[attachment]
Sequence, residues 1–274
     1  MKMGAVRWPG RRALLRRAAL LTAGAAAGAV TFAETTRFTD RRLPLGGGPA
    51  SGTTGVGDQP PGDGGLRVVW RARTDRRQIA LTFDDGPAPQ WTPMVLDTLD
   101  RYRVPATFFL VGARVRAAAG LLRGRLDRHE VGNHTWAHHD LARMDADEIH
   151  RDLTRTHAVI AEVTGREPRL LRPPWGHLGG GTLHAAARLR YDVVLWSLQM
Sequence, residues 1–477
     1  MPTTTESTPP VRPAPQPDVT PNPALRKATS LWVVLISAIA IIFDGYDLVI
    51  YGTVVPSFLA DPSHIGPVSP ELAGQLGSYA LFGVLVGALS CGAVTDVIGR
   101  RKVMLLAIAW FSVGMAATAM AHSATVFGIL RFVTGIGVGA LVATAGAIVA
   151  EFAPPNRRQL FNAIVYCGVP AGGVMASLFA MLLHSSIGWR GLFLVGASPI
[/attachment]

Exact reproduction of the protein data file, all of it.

Sequence, residues 1–274
     1  MKMGAVRWPG RRALLRRAAL LTAGAAAGAV TFAETTRFTD RRLPLGGGPA
    51  SGTTGVGDQP PGDGGLRVVW RARTDRRQIA LTFDDGPAPQ WTPMVLDTLD
   101  RYRVPATFFL VGARVRAAAG LLRGRLDRHE VGNHTWAHHD LARMDADEIH
   151  RDLTRTHAVI AEVTGREPRL LRPPWGHLGG GTLHAAARLR YDVVLWSLQM
Sequence, residues 1–477
     1  MPTTTESTPP VRPAPQPDVT PNPALRKATS LWVVLISAIA IIFDGYDLVI
    51  YGTVVPSFLA DPSHIGPVSP ELAGQLGSYA LFGVLVGALS CGAVTDVIGR
   101  RKVMLLAIAW FSVGMAATAM AHSATVFGIL RFVTGIGVGA LVATAGAIVA
   151  EFAPPNRRQL FNAIVYCGVP AGGVMASLFA MLLHSSIGWR GLFLVGASPI